ENTERPRISE FOR THE FUTURE: A shopkeeper stands outside his store in Punjab, India. Making small packs of products means they are more affordable for consumers.
Nestlé Chief Executive Officer Paul Bulcke will today discuss how more companies could benefit by focusing on activities that create value for shareholders, while advancing economic and social conditions in the communities where they operate.
As Co-Chair of the World Economic Forum (WEF) Annual Meeting 2011 which takes place in Davos, Switzerland this week, Mr Bulcke will form part of the expert panel debating ‘The Future of Enterprise’.
Mr Bulcke will outline how Nestlé has enhanced its competitiveness by building the Creating Shared Value (CSV) approach into its basic way of doing business.
Creating Shared Value for shareholders and communities
By focusing on three specific aspects of its core activities – water, nutrition, and rural development – Nestlé has identified those areas where it can best create value for its shareholders while also helping to address important societal challenges.
For example, in August 2010, the Company launched the Nescafé Plan in Mexico City, a ten-year CHF 500 million global investment to optimise its supply of quality coffee beans, by enhancing the livelihoods of the farmers who produce them.
Announced by Mr Bulcke, over the next five years the plan will see Nestlé double the amount of Nescafé coffee it buys directly from farmers and their associations, working to develop their skills by providing them with high-yield, disease-resistant coffee plantlets and expert technical training.
Nestlé is being supported in meeting the Nescafé Plan’s objectives in relation to sustainable farming by the Rainforest Alliance, an international non–governmental organisation, together with other partners of the Sustainable Agriculture Network (SAN) and the coffee association, 4C. Visit the Nescafé website for more information about the Nescafé Plan.
Emerging markets - Affordable nutrition
While in emerging markets around the world, Nestlé’s Popularly Positioned Products (PPPs) are fortified to specifically address some of the most common micronutrient deficiencies among lower-income consumers. Available in smaller or ‘daily-portion’ packs to be bought on a regular basis, PPPs are manufactured from local raw materials to minimise value chain costs.
For Nestlé’s Maggi brand alone, 94% of its bouillons, seasonings, noodles and fixes are fortified with iodine, equating to 90 billion servings worldwide.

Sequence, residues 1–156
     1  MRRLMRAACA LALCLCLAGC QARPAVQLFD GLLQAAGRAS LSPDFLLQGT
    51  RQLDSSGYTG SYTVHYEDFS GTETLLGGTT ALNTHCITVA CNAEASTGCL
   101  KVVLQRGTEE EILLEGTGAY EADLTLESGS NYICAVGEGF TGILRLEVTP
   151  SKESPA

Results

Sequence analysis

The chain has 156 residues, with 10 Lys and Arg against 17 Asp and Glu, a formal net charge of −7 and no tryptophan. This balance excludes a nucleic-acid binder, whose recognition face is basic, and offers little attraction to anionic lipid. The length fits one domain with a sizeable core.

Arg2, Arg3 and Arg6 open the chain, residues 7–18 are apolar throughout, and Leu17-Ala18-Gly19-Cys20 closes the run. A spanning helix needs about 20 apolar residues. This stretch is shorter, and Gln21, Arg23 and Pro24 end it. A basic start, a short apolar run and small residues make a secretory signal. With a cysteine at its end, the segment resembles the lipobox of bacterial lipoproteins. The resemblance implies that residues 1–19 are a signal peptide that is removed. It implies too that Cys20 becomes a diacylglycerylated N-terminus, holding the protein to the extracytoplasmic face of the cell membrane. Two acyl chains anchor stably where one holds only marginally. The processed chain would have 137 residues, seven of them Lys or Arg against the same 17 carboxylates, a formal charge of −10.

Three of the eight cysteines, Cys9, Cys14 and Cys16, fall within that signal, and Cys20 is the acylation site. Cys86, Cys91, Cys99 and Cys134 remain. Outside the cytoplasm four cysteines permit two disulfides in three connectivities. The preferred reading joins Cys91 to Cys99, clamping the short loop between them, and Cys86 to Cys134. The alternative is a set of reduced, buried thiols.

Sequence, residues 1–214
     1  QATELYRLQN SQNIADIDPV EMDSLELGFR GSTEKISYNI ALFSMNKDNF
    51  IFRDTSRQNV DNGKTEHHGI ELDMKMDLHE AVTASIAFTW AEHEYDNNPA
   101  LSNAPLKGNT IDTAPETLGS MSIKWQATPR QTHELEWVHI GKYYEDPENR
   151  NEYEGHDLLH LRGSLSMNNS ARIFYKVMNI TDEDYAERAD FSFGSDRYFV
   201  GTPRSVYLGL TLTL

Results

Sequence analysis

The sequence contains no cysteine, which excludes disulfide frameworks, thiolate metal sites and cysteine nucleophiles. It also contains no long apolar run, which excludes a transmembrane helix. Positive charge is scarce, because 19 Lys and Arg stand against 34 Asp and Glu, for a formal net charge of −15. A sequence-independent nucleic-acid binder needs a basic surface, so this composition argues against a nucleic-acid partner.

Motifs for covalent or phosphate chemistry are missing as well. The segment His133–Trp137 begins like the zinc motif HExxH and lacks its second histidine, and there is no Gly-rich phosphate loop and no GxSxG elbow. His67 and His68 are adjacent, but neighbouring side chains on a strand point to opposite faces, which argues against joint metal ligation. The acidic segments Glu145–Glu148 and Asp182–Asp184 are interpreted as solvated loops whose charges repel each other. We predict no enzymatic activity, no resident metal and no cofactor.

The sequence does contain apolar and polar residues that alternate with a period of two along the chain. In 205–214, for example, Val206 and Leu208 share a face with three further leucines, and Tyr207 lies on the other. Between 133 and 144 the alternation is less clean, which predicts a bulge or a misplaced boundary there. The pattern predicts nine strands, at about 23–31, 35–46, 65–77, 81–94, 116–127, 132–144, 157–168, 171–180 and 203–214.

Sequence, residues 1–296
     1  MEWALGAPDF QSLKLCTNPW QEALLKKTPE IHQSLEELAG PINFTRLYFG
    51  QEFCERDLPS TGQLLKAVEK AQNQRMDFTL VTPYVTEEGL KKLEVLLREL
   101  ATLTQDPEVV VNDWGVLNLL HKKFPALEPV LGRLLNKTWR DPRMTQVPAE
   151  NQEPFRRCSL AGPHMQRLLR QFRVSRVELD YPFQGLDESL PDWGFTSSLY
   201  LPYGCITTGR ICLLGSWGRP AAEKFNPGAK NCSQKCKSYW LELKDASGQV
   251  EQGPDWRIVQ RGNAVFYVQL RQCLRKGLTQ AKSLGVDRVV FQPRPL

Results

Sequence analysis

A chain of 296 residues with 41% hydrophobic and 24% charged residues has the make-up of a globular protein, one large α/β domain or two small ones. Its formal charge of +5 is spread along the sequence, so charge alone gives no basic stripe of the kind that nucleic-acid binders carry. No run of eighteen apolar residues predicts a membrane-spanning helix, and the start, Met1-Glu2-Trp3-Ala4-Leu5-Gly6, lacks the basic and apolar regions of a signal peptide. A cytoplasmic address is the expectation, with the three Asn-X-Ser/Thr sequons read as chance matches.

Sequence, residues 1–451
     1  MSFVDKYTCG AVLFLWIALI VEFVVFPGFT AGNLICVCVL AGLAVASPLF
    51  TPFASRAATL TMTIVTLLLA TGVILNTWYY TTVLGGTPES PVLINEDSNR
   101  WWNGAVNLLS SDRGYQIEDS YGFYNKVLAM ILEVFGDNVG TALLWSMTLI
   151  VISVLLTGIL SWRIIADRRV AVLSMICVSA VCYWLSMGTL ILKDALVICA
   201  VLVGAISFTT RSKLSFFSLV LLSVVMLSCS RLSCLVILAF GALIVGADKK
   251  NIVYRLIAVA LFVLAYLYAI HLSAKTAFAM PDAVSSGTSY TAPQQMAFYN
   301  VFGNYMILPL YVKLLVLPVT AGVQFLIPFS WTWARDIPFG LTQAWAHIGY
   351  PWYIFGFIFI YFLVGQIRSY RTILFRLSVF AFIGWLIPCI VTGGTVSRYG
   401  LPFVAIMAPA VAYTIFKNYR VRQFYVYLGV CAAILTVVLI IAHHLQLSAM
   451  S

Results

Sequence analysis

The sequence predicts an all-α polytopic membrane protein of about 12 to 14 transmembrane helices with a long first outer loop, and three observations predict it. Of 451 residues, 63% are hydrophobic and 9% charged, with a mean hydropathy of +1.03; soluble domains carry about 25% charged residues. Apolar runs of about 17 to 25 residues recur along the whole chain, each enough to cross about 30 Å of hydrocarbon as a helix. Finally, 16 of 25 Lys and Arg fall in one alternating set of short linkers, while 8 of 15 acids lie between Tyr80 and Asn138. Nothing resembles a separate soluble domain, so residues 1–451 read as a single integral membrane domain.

In India in 2009, the Company launched a Maggi PPP seasoning fortified with iron, vitamin A and iodine, as well as a Maggi PPP noodle fortified with iron and iodine. It also enhanced its standard Maggi 2-Minute Noodles with added protein and calcium, and made them available in a smaller, more affordable PPP pack.
Another example of Nestlé’s approach to CSV is its partnership with the East Africa Dairy Development Board in Kenya and Uganda. This aims to secure and increase sustainable milk production through a programme of technical assistance to dairy farmers set to double their income over a ten-year period.
Harvard Business Review features Creating Shared Value
Nestlé’s efforts to create shared value for its shareholders and society are highlighted as best practice in the featured cover story in the current issue of the Harvard Business Review (January/February 2011), co-authored by Professor Michael E. Porter.
Professor Porter, who will join Mr Bulcke on Friday evening’s panel, suggests that the Company’s long-term view is a more effective model of business in society than traditional examples of Corporate Social Responsibility.
Along with Nestlé, the Harvard Business School Professor and leading business strategist has been influential in communicating the concept of CSV to a wider audience. Read the article on the Harvard Business Review website
Forthcoming book reveals more about the Nestlé concept
The subject received further attention this week with the online release of extracts of a forthcoming English translation of Nestlé Chairman Peter Brabeck-Letmathe’s book,
“Peter Brabeck-Letmathe and Nestlé – A Portrait. Creating Shared Value”.
Originally published in German last year, the book reveals how under Mr Brabeck’s leadership Nestlé was one of the first leading global businesses to advocate CSV.
The portrait touches on themes of importance to Nestlé’s Chairman, such as the Company’s long-term strategy, leadership, innovation, water and CSV.
Mr Brabeck chose this year’s global WEF summit to announce the availability of a selection of English chapters of the book, which also features interviews with well-known figures such as Kofi Annan, former Secretary-General of the United Nations; Professor Michael Porter; and Klaus Schwab, Founder and Executive Chairman of the WEF.
World Economic Forum website
Nescafé Plan website
East Africa Dairy Development Board film
Harvard Business Review website
BBC Global Business - Creating Shared Value Podcast